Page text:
Experts we spoke to agreed that workplace amenities such as in-house cooks, gyms and health care will become more important than ever. But while Facebook and other companies may already provide some of these perks, few have truly adopted the full change in perspective that Meister and Gale expect to see in the coming years. 

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For example, Gale pointed out, most offices already have common areas where employees can socialize. “But it hasn’t got the ambience that’s actually truly social,” he said. “It’s a wipe-down place that’s a bit echoey. People will use it if there’s nowhere else to go, but it’s not part and parcel of your daily work routine. That’s the shift in the center of gravity to a different way of thinking and working.”

Whatever the workplace of the future turns out to be, it sounds like it’ll be an improvement. Twenty years from now, workers may reflect on the offices of 2015 as “dark satanic mills,” Gale said. “There’s no doubt about it. [They’ll say] ‘did you actually get up in the morning, commute for an hour and half, sit there and then go home again? You’re nuts!’” he added.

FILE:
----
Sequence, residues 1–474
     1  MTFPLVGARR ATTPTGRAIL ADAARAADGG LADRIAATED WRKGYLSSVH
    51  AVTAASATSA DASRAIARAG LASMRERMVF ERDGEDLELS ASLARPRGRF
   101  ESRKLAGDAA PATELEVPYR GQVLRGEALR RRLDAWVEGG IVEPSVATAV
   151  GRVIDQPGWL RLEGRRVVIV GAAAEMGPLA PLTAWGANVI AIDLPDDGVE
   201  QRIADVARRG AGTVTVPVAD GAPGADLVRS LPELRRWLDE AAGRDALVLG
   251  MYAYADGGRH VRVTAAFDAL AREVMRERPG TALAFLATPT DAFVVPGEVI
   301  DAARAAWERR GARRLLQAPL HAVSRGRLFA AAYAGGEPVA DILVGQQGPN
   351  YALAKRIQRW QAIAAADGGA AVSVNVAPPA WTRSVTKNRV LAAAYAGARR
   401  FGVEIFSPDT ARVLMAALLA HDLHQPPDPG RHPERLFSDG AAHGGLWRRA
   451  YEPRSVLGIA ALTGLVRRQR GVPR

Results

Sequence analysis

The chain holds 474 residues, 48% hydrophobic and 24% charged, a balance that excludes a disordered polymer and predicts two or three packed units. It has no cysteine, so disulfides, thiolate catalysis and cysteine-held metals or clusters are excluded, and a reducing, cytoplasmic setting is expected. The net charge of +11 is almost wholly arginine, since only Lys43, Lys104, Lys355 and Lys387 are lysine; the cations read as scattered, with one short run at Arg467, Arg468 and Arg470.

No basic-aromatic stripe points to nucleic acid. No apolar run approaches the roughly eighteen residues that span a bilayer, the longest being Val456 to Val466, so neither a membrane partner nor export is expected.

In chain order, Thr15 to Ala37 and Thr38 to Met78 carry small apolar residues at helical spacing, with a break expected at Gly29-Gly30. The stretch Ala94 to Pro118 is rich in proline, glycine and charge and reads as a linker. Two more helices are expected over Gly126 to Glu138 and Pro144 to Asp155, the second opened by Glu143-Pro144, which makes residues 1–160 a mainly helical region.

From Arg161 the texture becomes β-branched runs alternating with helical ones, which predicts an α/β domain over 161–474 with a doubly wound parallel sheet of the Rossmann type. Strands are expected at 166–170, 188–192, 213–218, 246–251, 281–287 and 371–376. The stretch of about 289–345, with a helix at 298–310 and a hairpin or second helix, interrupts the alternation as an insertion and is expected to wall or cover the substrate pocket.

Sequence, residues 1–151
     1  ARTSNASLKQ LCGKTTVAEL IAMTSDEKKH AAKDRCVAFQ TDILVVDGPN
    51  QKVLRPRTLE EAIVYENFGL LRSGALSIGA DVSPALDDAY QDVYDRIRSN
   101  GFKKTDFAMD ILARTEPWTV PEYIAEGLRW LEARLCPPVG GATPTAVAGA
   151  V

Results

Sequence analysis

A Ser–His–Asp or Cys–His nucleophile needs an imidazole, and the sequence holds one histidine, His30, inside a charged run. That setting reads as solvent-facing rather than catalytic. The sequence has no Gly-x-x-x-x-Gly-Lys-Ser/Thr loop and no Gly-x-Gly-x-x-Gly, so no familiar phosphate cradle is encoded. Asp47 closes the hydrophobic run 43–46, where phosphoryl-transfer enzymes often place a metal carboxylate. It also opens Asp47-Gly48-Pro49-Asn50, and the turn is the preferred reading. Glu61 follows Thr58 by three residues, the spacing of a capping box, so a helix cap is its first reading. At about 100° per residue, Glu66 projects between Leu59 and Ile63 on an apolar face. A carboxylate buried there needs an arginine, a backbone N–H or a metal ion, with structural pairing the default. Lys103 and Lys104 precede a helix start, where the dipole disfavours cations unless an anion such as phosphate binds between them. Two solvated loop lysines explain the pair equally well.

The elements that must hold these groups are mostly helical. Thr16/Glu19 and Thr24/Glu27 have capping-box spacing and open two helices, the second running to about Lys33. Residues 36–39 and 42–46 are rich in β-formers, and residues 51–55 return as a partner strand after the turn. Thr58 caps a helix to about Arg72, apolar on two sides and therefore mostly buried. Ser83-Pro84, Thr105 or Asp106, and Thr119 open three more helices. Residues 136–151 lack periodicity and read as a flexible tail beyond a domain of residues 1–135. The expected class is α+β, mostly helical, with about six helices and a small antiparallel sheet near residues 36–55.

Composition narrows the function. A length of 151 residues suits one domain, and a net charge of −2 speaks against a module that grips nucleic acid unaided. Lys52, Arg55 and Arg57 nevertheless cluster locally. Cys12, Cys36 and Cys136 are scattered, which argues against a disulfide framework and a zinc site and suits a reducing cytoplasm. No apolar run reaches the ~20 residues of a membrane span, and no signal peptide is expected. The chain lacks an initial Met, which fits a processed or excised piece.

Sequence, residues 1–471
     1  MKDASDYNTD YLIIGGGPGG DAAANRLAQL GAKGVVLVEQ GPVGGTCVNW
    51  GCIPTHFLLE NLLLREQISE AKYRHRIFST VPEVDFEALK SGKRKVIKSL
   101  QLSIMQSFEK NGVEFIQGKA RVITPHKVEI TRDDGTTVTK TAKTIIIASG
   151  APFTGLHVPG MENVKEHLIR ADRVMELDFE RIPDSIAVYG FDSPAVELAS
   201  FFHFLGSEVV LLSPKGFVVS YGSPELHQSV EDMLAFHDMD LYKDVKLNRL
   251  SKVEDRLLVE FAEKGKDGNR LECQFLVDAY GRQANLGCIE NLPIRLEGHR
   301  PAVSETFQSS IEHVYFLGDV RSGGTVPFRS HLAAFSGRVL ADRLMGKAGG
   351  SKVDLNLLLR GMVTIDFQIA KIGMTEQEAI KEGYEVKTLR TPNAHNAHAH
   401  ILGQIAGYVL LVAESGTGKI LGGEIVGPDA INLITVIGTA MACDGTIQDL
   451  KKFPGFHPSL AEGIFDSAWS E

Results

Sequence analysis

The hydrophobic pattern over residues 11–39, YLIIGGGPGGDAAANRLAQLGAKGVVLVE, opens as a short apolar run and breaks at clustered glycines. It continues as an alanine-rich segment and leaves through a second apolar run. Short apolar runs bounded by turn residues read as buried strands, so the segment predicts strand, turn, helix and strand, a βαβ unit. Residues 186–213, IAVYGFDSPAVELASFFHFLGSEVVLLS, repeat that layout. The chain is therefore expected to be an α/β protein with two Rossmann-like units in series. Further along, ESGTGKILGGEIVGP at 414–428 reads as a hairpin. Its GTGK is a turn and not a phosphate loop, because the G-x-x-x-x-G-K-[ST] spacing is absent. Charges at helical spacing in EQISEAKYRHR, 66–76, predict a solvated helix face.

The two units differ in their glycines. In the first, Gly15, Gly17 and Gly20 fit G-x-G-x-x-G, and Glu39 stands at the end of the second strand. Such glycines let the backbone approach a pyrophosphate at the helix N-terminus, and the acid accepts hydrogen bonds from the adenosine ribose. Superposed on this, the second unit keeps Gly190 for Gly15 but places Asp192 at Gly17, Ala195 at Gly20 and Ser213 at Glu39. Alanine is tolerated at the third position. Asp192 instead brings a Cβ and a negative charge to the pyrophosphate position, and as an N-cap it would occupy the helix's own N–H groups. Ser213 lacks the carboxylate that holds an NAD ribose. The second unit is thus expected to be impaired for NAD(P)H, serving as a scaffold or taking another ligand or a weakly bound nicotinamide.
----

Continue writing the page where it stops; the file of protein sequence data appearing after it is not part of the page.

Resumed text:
“Everyone wants to be open and wants to be collaborative, but when you really do the research, a lot of workers are struggling with being effective and productive in totally open workspaces,” said Meister, digging at modern-day office setups. “How do you enable collaboration without sacrificing a worker’s ability to really focus on the job at hand?”

Originally published on The Huffington Post, February 2015.

8 Secrets of the Modern Workplace

imageTaking down the cubicle walls isn’t enough anymore. Retaining talent now also requires quiet places, work-from-home-flexibility, and an eye on the bottom line, according to panelists at Bisnow’s NY Office of the Future event, held Thursday, June 12.

1) Employees Should Be as Happy as Pharrell Williams

WeWork is one of the office sector’s most innovative players, but co-founder Miguel KcKelvery says the company wasn’t founded to create futuristic office; it was founded for the here and now. The idea was to create a place for companies trying to start something new for the world, companies that could use a spark. Folks working nonstop like that, he says, need to be empowered by their workspace and feel happy when there.

2) Cult of Equality